KOLKATA: In a direct fallout of the escalating tensions between India and Pakistan on the Jammu and Kashmir frontier and the recent killing of a 50-year-old Pakistani inmate in Jaipur Central Prison in Rajasthan, 14 Pakistani inmates accused in high-profile terror cases in West Bengal have been segregated from Indian inmates and lodged in high-security cells in Presidency and Dumdum Correctional Homes in Kolkata.
Speaking to TNIE, West Bengal Prison Minister Ujjal Biswas said, "There are televisions in the prisons in which the inmates watch the developments along the border and we never know what might happen as a result of that. We already saw an incident of a Pakistani inmate being killed in Rajasthan. So, as precautionary measures, some 14 Pakistani inmates accused in several high-profile cases such as American Centre Attack and Khadims' owner kidnapping have been segregated from Indians. Being high-profile convicts, the Pakistani inmates were already lodged in high-security cells."
Of the 14 Pakistani inmates, four are lodged at Presidency Correctional Home and the other 10 are at Dumdum Correctional Home, sources revealed. The high-profile convicts are lodged at three-layered secure cells in the prisons.
The Pakistani inmates will now not be allowed to move out of sensitive zones or to interact with Indian inmates. Also, a close watch is being kept on the prisoners round-the-clock, sources revealed.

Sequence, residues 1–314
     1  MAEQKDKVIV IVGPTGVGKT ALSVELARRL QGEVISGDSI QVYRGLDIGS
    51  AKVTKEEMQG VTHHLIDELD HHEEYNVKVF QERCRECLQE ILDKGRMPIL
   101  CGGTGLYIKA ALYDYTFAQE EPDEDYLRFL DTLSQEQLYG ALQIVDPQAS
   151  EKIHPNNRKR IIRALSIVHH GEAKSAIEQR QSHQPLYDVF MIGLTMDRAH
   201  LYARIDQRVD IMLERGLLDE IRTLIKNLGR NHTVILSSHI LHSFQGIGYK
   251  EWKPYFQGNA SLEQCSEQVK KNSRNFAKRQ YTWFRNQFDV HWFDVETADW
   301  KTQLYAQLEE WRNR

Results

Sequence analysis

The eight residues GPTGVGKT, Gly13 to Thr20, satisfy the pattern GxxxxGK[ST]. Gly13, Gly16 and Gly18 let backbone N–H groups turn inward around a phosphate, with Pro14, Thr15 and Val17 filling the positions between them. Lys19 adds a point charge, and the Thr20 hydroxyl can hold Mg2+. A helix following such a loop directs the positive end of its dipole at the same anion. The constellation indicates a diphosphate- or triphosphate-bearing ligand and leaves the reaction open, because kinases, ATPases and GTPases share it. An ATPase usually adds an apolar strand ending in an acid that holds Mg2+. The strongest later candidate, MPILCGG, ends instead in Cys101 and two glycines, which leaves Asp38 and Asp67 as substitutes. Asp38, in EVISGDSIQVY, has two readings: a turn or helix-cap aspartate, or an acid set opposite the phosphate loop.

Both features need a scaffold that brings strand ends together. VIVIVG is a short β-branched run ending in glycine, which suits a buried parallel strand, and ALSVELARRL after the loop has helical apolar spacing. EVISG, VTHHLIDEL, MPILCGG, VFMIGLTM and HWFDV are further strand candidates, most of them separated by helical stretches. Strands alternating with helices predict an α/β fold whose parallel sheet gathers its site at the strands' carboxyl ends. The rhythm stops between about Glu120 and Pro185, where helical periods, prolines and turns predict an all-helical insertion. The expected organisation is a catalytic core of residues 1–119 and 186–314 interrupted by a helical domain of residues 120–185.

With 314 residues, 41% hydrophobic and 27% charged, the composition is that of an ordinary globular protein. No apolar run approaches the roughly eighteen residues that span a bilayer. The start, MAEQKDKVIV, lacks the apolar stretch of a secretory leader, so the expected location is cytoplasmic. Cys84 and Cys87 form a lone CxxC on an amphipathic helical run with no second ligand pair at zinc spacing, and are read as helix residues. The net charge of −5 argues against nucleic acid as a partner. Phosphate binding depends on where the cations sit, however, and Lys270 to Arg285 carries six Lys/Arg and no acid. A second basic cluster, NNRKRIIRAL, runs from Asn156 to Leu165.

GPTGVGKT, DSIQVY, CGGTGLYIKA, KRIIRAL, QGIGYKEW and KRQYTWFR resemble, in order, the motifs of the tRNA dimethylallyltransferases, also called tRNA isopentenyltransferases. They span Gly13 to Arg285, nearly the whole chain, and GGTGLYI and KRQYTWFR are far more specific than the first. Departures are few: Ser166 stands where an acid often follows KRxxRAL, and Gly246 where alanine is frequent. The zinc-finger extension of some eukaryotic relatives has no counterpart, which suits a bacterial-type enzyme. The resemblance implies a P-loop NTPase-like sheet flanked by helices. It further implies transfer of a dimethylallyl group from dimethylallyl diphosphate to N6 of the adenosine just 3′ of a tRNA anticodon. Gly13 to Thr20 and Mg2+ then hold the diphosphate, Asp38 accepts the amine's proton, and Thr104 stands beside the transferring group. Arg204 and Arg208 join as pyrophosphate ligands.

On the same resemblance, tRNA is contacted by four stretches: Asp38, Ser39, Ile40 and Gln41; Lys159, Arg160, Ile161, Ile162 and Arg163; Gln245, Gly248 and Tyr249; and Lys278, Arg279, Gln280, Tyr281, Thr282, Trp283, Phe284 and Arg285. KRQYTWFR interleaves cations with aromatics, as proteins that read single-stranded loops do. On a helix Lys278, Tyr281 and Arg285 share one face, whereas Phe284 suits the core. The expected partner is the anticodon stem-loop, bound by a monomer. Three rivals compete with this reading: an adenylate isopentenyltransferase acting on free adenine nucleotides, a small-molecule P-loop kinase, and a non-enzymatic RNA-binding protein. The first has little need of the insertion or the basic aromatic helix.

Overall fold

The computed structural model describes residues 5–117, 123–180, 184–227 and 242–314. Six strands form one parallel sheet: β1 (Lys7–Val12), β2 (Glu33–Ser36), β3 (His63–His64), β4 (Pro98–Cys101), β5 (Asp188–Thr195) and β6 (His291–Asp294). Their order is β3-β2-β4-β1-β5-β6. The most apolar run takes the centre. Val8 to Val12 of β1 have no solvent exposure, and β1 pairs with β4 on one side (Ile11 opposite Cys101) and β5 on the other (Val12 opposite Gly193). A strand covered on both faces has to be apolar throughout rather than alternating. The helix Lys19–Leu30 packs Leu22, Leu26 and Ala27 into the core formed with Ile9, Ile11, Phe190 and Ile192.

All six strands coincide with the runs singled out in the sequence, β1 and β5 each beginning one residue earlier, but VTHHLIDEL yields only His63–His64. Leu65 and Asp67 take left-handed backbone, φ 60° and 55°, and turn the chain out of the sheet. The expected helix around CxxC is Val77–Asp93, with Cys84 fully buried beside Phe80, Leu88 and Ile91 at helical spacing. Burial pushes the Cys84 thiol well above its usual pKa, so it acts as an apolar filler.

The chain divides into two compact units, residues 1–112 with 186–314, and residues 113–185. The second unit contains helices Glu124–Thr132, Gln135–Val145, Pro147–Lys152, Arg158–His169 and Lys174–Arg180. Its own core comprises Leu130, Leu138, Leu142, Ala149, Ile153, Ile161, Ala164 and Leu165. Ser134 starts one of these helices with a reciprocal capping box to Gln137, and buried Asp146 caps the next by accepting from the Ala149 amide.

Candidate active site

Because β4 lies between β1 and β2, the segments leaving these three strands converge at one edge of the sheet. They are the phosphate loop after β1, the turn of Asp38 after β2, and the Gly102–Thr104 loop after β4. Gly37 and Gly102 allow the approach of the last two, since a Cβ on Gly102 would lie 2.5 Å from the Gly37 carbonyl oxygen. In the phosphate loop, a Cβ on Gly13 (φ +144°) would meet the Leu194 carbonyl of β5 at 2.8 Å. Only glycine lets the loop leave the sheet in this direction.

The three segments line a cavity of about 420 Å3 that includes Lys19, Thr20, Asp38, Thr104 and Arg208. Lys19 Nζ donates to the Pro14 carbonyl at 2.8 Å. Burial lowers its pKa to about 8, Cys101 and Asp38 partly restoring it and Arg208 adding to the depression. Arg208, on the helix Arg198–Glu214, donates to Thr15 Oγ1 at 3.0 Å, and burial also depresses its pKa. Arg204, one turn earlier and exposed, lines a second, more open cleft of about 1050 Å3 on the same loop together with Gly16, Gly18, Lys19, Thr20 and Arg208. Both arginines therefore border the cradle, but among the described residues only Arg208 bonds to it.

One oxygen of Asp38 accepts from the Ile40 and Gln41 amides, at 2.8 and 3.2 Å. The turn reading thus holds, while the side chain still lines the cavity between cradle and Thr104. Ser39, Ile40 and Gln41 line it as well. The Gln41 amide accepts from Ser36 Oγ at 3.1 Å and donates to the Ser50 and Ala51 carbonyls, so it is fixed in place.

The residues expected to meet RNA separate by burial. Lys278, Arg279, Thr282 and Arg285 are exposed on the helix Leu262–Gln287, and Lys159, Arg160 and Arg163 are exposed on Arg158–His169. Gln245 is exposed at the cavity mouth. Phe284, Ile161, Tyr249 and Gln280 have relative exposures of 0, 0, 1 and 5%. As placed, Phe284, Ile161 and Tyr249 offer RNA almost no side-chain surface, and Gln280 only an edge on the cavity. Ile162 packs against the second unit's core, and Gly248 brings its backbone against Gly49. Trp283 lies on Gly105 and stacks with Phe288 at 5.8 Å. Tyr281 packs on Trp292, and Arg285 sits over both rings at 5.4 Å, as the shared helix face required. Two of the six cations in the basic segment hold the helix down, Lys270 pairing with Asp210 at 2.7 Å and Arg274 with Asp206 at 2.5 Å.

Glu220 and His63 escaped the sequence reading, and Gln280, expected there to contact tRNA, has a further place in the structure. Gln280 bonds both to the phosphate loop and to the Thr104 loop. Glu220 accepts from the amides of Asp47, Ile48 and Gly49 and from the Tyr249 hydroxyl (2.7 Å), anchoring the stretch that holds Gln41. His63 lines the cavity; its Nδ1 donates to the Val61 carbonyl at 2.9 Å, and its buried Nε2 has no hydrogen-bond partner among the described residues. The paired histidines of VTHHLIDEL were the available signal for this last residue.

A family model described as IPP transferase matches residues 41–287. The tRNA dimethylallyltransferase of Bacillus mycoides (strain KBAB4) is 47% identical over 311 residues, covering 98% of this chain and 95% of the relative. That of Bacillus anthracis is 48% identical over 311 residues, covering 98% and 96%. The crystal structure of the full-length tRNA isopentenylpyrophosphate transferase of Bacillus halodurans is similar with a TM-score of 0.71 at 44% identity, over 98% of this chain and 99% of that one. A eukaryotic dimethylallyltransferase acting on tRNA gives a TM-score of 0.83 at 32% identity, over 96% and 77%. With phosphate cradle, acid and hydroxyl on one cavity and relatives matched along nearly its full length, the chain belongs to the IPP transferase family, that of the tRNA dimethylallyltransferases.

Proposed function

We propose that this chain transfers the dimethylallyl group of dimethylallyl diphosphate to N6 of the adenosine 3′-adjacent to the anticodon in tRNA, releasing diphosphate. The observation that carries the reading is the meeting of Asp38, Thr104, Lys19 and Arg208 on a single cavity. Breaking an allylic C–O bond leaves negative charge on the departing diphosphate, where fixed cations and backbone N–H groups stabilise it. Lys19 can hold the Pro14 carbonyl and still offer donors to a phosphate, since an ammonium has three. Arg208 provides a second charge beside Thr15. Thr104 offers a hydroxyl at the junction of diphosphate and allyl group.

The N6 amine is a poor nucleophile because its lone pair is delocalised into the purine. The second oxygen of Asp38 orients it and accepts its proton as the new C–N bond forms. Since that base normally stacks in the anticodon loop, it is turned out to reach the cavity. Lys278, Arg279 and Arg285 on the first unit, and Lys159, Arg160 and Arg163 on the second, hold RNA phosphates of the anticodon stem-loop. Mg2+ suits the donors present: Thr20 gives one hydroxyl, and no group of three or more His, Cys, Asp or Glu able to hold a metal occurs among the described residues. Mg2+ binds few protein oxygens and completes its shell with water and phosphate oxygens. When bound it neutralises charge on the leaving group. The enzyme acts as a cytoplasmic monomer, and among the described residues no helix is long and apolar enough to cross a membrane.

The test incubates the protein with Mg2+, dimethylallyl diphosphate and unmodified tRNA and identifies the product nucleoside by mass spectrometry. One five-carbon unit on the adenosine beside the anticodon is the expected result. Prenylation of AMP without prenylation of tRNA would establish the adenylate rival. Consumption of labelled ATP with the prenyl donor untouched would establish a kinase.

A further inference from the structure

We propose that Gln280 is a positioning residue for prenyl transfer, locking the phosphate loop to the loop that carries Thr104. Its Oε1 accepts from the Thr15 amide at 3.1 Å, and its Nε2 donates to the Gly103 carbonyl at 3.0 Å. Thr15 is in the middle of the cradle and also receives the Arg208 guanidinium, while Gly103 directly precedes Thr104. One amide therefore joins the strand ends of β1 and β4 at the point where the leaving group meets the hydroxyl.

Pakistani prisoner Shakarullah was stoned to death by three Indian inmates after a quarrel at Jaipur Central Prison on February 20, six days after the Pulwama suicide attack.
2002 American Centre attack mastermind Aftab Ansari, who was arrested from Dubai the same year with a Pakistani passport and travel documents and deported to India, requested for a transfer to a different cell in Alipore Correctional Home in February last year after allegedly being threatened by another inmate.
However, two smartphones and eight SIM cards were found from the terror operative once close to Jaish-e-Mohammad leader Omar Saeed Sheikh in August last year. West Bengal's first homegrown ISIS recruit Abu Musa had slashed a guard's neck and shouted Jihadi slogans before being overpowered by other guards at Alipore Prison in December 2017.